In the midst of the Sept. 11 remembrance ceremonies last Wednesday, Park View High School teacher Erika Cuevas wanted former Senator Charles Waddell to speak to her leadership development class.
“There’s no better way to define leadership than to give an example like Senator Waddell,” said Cuevas, first-time teacher of a class focused on developing students’ leadership and teamwork skills. “He was positive and upbeat and encouraging to them. Here was this man who took time out of his day, and he spent the entire period with them.”
Waddell spoke about character, public service and effective communication in his speech entitled, “9/11, 2001: What Have We Learned?”
“We must have your help, your input, your every participation," he said. "Act as if our future and the future of the world depends on you, because it truly does."
On Sept. 13, the 20 students in Cuevas’ class discussed Waddell’s qualities as a leader.
"They said he was proactive in getting involved in government and in getting involved in issues," Cuevas said. "He definitely set goals. He definitely had to prioritize."
Some of Waddell’s qualities are those Cuevas is teaching, using “The 7 Habits of Highly Effective Teens” by Sean Covey, "Who Moved My Cheese?" by Spencer Johnson and “The One Minute Manager” by Kenneth Blanchard and Spencer Johnson, as the main textbooks.
CUEVAS PLANS to cover leadership skills, goal setting, time and stress management, effective communication and self-awareness in the semester-long class, which has been offered for Park View students grades 9-12 for the past three years. Cuevas, who lives in Loudoun County, is a fourth-year teacher with three years teaching experience at the school. Her father is a retired member of the Rockingham County Board of Supervisors and the Board of Visitors for James Madison University. He is scheduled to speak to the class within the next month.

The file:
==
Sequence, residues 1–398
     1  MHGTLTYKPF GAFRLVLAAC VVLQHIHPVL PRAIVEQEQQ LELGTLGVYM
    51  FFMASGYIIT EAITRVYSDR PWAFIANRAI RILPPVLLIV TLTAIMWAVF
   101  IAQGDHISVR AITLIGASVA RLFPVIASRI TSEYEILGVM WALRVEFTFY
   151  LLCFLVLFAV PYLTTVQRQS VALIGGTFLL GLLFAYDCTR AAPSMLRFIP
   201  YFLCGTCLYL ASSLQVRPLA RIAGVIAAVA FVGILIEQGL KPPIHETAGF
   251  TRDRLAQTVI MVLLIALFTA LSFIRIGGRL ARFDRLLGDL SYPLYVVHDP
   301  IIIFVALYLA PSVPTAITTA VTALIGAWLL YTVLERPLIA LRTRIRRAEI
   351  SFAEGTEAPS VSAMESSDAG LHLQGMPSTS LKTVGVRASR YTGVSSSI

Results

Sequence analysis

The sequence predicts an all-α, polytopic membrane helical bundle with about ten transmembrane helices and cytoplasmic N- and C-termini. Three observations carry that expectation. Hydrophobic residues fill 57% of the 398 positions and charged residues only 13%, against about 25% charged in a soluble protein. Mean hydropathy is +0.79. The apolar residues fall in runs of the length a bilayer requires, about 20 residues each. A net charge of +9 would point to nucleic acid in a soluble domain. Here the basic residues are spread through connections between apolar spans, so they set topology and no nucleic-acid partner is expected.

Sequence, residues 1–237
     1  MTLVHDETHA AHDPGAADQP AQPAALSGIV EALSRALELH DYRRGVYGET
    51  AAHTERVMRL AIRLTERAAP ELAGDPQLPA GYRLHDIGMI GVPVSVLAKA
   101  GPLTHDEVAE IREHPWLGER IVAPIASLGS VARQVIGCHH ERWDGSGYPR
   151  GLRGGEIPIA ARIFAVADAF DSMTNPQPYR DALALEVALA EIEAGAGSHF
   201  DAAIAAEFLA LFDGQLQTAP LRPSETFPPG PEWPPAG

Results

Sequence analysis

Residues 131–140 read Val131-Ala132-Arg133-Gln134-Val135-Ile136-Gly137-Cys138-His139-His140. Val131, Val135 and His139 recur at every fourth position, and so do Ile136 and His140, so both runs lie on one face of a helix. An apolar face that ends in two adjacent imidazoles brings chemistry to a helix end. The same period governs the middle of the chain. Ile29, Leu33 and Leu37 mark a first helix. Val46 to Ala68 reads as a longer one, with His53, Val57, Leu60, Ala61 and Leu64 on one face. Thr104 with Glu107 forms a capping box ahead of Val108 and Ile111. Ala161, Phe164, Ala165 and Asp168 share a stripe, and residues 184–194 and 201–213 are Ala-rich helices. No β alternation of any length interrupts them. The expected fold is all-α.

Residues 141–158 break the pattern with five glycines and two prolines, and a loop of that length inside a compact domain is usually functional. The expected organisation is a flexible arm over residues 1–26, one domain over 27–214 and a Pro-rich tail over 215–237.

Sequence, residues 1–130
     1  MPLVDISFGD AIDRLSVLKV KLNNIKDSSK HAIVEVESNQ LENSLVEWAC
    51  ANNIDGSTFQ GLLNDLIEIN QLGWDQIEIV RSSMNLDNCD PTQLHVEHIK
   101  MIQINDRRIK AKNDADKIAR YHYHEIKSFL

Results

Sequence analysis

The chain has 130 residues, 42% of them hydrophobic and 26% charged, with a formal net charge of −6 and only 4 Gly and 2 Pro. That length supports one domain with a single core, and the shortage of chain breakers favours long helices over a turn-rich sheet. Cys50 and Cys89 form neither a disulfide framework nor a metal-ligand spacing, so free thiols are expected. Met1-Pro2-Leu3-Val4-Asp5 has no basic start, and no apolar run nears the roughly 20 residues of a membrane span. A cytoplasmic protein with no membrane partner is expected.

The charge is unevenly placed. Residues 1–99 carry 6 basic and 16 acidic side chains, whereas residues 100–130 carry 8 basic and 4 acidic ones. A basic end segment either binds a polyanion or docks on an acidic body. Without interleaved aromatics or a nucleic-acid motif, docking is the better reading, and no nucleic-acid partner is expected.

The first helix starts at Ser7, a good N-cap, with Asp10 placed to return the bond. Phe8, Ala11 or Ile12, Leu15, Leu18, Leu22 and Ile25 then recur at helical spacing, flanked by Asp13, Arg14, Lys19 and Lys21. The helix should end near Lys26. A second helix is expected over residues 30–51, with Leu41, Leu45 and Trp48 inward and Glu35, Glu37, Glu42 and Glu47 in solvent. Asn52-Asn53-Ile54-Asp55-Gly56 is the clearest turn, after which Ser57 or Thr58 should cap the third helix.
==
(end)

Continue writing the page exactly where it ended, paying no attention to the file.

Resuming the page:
“We encourage all students to take this because every student has leadership potential, whether they lead themselves or others,” Cuevas said.
Ninth-grader Jessica Cole is taking the class because she wants to be a leader, not a follower.
"To work with other people, you need to achieve these habits first," Cole said. "You have to know yourself. You have to recognize what's going on with you. It's a way of taking care of yourself and working with others."
The class offers several definitions of leadership, allowing students to develop their own definitions while pinpointing their personal leadership goals. The students can learn about individual leadership skills, like being proactive and putting first things first, and leadership skills involving others, such as thinking win-win and listening to others with sincerity. These are a few of the 7 habits outlined in Sean Covey’s book.
“It gives [students] an opportunity to develop and think about the skills involved in leadership,” said Principal Anne Brooks.
CUEVAS TYPICALLY starts the leadership class with a quote, then asks students to journal their responses for a 15 to 20-minute discussion. She may give them an impromptu speech on current events or history and expects them to learn about the different parts of speech. She also plans to teach them how to conduct meetings, write agendas and stay within the agendas.
“It’s more of a practice. They are getting in the habit of being in front of people,” Cuevas said.
Cole agreed. "It teaches us how to speak in front of others and sound professional and speak on the spot," she said.
As Cuevas teaches, she tries to exemplify leadership skills, she said. “I want to be productive and give back. That’s why I want to be a teacher,” she said. “If you can give back, you can see all the positives and blessings, all the things that are good in your life. You’re seeing a side of yourself you normally don’t get to see.”
Cuevas also is teaching two Spanish classes this semester.